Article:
During November, the Society has been busy – both in public and working on a variety of issues.

Our second major public event of the year was our Annual Lunch on 14 November. We had a record number of attendees; 87 in total. The Rugby Club Pavilion proved again to be a good venue and it was pleasing to be able to include more members and guests. As well as an enjoyable lunch (from Café 51) and networking, our guest speaker, Paul Heiney was excellent. The heart of his speech was the future of the Suffolk estuaries and that of Southwold Harbour and the Blyth Estuary in particular. He suggested that the history of our river showed that nature will always have its way, despite all human efforts to control the shape of the river and its facilities. Perhaps we have to plan in the longer term for an estuary of mud flats, with the advantages and disadvantages this would bring?

Coincidentally, one focus of our work this month has been on the Harbour and estuary. We have written to Waveney District Council, who we are told are rethinking their governance proposals for the harbour, again urging them to revert to the establishment of a charitable trust to run the Harbour Lands and also to maintain their 2014 promise that the income from the harbour lands (including from the caravan site) will be ring-fenced for use in the harbour and estuary. This would support the work of the Blyth Estuary Partnership which has held a series of stakeholder meetings to discuss the best strategy for maintaining the estuary and harbour for the next 50 years. No-one at these meetings has argued for a DO NOTHING option but only time will tell if an agreed strategy can be developed and funded to try to keep things much as they are. If not, Paul Heiney’s words will become the order of the day!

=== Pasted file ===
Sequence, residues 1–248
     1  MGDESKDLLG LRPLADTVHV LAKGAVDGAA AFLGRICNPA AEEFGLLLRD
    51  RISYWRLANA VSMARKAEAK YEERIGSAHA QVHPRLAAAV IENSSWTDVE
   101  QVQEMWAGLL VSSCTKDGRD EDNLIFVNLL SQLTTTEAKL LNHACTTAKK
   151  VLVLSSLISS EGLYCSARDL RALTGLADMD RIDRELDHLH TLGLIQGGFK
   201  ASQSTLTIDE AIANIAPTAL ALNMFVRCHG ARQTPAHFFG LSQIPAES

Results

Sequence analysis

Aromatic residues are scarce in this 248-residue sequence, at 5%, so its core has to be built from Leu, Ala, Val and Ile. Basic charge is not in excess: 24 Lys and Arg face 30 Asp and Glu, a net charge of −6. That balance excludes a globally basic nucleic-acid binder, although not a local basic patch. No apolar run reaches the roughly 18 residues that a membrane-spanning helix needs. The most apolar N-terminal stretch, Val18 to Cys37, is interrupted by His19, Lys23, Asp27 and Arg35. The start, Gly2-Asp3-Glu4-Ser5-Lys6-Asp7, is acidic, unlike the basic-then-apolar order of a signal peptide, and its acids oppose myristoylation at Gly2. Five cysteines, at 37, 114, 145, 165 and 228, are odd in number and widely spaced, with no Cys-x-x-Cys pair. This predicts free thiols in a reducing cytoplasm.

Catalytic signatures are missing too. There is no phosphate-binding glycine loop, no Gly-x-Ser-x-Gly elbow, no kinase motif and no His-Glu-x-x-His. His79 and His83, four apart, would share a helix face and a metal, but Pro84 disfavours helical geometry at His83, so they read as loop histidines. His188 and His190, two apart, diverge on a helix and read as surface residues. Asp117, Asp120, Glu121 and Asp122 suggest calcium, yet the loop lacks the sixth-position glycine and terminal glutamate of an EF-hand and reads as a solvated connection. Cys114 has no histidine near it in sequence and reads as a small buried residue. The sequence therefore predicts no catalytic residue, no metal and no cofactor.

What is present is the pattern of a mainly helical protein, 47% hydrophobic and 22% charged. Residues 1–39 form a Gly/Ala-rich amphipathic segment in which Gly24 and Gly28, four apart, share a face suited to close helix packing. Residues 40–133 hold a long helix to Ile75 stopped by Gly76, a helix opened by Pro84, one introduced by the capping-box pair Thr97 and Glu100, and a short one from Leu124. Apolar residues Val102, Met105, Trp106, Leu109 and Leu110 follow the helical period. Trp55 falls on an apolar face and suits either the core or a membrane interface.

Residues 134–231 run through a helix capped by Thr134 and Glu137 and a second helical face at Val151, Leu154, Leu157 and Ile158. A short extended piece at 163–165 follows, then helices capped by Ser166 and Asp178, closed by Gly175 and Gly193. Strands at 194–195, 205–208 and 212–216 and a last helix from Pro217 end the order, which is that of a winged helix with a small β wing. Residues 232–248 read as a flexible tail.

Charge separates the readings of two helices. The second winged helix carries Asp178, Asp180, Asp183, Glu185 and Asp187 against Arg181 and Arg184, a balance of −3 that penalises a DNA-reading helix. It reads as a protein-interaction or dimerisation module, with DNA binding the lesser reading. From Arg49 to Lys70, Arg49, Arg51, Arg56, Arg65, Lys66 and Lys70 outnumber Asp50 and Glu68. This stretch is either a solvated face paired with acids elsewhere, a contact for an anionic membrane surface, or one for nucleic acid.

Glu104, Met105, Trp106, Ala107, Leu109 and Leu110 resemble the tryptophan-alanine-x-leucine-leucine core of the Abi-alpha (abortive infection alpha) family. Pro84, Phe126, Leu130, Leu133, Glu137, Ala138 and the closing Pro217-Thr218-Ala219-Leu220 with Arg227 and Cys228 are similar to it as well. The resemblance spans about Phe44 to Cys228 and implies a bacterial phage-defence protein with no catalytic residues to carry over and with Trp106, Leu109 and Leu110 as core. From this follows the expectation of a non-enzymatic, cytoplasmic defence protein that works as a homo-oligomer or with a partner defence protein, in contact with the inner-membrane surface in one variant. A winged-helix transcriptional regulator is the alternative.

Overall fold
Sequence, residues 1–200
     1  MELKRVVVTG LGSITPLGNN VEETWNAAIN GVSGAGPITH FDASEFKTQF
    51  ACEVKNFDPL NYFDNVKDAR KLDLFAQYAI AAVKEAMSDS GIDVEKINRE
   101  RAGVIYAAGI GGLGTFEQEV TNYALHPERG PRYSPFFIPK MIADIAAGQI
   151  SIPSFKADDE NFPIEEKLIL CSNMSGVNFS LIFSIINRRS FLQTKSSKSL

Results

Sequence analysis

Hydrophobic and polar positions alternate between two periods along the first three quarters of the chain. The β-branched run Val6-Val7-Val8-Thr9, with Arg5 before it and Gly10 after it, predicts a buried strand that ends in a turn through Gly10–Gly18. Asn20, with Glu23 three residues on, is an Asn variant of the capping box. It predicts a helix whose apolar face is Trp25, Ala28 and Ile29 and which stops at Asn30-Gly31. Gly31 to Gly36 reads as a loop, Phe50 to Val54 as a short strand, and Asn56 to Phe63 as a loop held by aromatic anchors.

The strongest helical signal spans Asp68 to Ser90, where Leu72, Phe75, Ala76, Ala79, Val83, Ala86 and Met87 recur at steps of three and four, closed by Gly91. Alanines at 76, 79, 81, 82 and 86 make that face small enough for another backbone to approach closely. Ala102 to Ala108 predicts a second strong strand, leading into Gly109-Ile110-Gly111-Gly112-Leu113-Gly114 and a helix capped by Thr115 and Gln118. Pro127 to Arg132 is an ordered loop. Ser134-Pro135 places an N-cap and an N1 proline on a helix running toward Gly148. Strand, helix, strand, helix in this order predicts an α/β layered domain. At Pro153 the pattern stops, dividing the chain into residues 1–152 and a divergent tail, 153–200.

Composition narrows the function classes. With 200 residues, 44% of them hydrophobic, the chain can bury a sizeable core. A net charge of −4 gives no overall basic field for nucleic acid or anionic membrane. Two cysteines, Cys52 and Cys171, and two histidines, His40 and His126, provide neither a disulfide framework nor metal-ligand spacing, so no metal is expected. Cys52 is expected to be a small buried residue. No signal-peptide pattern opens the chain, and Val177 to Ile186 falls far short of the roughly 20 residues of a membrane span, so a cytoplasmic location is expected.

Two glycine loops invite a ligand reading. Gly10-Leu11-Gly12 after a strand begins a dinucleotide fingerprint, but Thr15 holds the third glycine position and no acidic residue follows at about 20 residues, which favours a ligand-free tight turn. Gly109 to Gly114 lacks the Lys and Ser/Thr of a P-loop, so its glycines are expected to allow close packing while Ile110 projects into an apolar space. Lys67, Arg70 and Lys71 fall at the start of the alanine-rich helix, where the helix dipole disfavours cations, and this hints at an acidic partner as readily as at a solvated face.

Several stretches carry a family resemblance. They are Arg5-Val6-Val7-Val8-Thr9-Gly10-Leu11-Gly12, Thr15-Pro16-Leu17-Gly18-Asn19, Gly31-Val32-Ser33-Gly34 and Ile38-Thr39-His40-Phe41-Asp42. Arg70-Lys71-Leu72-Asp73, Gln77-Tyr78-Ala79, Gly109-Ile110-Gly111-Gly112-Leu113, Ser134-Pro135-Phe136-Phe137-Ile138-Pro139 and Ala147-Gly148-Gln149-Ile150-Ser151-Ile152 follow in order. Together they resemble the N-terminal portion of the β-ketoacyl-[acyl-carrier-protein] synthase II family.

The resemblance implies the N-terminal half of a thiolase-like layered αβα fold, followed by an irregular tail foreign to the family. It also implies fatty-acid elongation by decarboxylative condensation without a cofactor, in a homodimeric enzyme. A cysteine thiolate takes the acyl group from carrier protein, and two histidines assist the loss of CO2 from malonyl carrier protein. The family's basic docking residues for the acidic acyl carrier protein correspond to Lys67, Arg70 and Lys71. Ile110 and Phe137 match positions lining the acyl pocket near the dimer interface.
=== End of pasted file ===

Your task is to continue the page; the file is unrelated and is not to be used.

Two important consultations also took place in mid November in Southwold. One was a very well researched presentation by the Town Council on the parking issues facing the town and their thinking on what could be done with the parking controlled by them and the Southwold Common Trust to help address current problems. Whilst there was some support for charging for parking in these areas and allocating spaces for those working in the town, there was considerable feeling that a more comprehensive strategy is needed which will require work by Reydon Parish Council as well as Southwold and, crucially, by Suffolk County Council which controls street parking.

The second was a drop-in event by Hastoe Housing on their plans to develop the former police and fire service sites in Station Road for a mix of market and affordable housing. There were varied views expressed about the proposed design and concerns raised about the use of parking at the adjacent Millennium Foundation car park – which the Foundation plan to increase and make all-year round. We will watch both issues carefully as these plans develop.

                                      Philip O’Hear, Secretary